Senate Majority Leader Mitch McConnellAddison (Mitch) Mitchell McConnell'Justice for J6' rally puts GOP in awkward spot Republicans keep distance from 'Justice for J6' rally House to act on debt ceiling next week MORE (R-Ky.) announced Tuesday that he has tapped Sen. Tim ScottTimothy (Tim) Eugene ScottDOJ announces agencywide limits on chokeholds and no-knock entries Lobbying world As Biden falters, a two-man race for the 2024 GOP nomination begins to take shape MORE (S.C.), the only African American Republican in the upper chamber, to put together police reform legislation.
McConnell said his party needs to respond to civil unrest that has swept the country since the death of George Floyd, a 46-year-old black man who died after a police officer pinned him to the ground for nine minutes during an arrest.
“I’ve asked Sen. Tim Scott to lead a group that is working on a proposal to allow us to respond to the obvious racial discrimination that we’ve seen on full display on our television screens over the last two weeks,” McConnell said after Scott briefed his GOP colleagues on the emerging legislation during a lunch meeting.
“Tim spent most of our lunch explaining his proposal that’s in the works,” he added.
Scott told reporters after the lunch that the bill will likely include anti-lynching legislation that stalled on the Senate floor last week as well as proposals to review no-knock warrants, such as the one that led to the shooting death of Breonna Taylor in Louisville, and funding for more police body cameras.
Scott said “ours is a notification act so that we can understand and appreciate the 30,000 plus no knocks that happen around the country to see where they’re happening so we have more information.”
“Also part of it has to do with the use of force that leads to death or serious bodily injury, collecting more data. Right now about 40 percent of the police departments are reporting to the DoJ through the FBI. We’d like to see all the agencies report so we’re going to provide either resources for it or perhaps reduce grants if they don’t,” he said.
“There’s a lot of talk around the use of body cameras and the importance of doing so,” he added, noting that fewer than 20 million police body cameras are currently being funded.
“We’d like to see that number grow significantly and some penalties if you’re not using the body cameras,” he added.
Scott said he is also looking at proposals for police de-escalation training and bias training under consideration as well as the establishment of a national police commission study to examine “best practices that can be used across all departments.”
Scott said his working group includes Senate Judiciary Committee Chairman Lindsey GrahamLindsey Olin GrahamThe Hill's Morning Report - Presented by National Industries for the Blind - Tight security for Capitol rally; Biden agenda slows Trump offers sympathy for those charged with Jan. 6 offenses Lindsey Graham: Police need 'to take a firm line' with Sept. 18 rally attendees MORE (R-S.C.), Sen. Shelley Moore CapitoShelley Wellons Moore CapitoOvernight Energy & Environment — Presented by Climate Power — Senate Democrats ding Biden energy proposal Capito grills EPA nominee on '#ResistCapitalism' tweet GOP senators unveil bill designating Taliban as terrorist organization MORE (R-W.Va.), Sen. John CornynJohn CornynDemocrats make case to Senate parliamentarian for 8 million green cards Democrats to make pitch Friday for pathway to citizenship in spending bill Without major changes, more Americans could be victims of online crime MORE (R-Texas), Sen. Ben SasseBen SassePresident of newly recognized union for adult performers boosts membership Romney blasts Biden over those left in Afghanistan: 'Bring them home' Progressives breathe sigh of relief after Afghan withdrawal MORE (R-Neb.), and Sen. James LankfordJames Paul LankfordGOP senator: Buying Treasury bonds 'foolish' amid standoff over debt ceiling, taxes Florida senator seeks probe of Ben & Jerry's halting sales in Israeli settlements Senate Democrats try to defuse GOP budget drama MORE (R-Okla.).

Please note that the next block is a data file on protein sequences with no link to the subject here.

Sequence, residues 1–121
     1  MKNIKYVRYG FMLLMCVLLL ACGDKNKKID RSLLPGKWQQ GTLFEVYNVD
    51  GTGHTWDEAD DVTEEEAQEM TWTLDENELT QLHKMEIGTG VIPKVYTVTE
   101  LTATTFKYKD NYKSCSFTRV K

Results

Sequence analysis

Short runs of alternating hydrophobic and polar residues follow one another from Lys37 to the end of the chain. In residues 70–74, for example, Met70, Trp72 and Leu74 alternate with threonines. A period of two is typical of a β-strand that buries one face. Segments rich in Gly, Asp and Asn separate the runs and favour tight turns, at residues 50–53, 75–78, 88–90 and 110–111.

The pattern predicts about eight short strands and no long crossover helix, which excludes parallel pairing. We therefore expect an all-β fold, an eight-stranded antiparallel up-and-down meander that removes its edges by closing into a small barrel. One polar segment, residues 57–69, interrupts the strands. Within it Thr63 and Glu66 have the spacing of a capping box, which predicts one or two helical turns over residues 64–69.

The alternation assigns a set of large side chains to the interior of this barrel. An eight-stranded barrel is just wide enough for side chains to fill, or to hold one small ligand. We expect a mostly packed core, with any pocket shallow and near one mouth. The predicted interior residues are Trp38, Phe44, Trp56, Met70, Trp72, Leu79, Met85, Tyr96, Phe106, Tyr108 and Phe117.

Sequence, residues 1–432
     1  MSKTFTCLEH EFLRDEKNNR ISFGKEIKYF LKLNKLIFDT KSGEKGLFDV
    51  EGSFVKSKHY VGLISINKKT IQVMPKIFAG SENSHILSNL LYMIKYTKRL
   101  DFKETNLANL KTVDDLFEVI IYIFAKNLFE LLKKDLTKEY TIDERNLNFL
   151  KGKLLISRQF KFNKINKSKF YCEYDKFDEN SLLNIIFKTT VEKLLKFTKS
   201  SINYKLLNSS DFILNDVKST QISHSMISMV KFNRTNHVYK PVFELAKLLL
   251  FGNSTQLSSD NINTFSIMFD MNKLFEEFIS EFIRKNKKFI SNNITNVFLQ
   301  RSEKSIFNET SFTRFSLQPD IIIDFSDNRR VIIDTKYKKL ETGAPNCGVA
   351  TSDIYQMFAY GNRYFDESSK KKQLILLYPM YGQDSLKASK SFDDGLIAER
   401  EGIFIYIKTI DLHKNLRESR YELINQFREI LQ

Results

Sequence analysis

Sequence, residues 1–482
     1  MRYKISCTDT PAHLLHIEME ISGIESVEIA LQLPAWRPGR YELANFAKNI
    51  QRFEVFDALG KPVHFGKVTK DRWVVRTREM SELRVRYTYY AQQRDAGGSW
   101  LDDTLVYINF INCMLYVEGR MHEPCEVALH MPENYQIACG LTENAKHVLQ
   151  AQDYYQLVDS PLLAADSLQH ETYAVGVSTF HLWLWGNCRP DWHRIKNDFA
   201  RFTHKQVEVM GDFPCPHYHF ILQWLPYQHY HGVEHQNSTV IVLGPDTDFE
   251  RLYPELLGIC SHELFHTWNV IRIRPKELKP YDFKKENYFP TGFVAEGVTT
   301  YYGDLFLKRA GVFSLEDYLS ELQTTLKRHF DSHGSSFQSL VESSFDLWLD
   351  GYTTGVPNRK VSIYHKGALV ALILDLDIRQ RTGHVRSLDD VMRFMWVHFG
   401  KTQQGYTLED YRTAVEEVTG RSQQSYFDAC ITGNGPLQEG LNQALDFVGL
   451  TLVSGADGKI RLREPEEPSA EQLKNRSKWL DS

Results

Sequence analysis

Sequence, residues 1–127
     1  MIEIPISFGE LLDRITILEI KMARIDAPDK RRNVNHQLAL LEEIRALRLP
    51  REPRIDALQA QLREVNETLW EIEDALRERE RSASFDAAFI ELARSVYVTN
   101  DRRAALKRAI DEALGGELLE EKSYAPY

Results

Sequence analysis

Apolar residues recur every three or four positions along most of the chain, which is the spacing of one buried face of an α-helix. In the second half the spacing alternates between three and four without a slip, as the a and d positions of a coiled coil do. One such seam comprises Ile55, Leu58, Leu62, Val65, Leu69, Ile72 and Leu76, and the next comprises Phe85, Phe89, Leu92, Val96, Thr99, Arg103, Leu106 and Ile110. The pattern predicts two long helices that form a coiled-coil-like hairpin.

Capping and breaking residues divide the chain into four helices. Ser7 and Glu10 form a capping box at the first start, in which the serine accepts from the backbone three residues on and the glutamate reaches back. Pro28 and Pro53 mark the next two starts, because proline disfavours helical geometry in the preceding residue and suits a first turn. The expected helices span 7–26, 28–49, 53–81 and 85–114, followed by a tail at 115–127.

Scott met with McConnell Monday evening in McConnell’s Capitol office to provide an update on his work.
McConnell on Tuesday afternoon said it’s important for his party to have a legislative response to the death of Floyd, Taylor, who was shot by plain-clothed officers in her home, and Ahmaud Arbery, who was shot by two white men attempting a citizens arrest. All three were African Americans.
“Absolutely I think it’s important to have a response,” McConnell said.
“None of us have had the experience of being an African American in this country and dealing with this discrimination, which persists here some fifty years after the 1964 Civil Rights bill and the 1965 Civil Rights bill,” he said of the vast majority of his Senate GOP colleagues who are white.
“We’re still wrestling with America’s original sin,” McConnell added, referring to slavery. “We try to get better but every now and then it’s perfectly clear we’re a long way from the finish line.
“I think the best way for the Senate Republicans to go forward on this is to listen to one of our own, who’s had these experiences — he’s had them since he’s been in the United States Senate,” McConnell said of Scott, who has told colleagues he has been stopped on Capitol Hill by police and believes his skin color had something to do with it.
Scott revealed four years ago that an officer once told him: “The pin, I know. You, I don’t,” when the senator displayed the pin indicating his membership in the chamber.
McConnell on Tuesday said Republicans would decide to proceed legislatively once Scott and his team make their recommendations.
“Once Sen. Scott and his team decide what to recommend, we'll let you know," he said.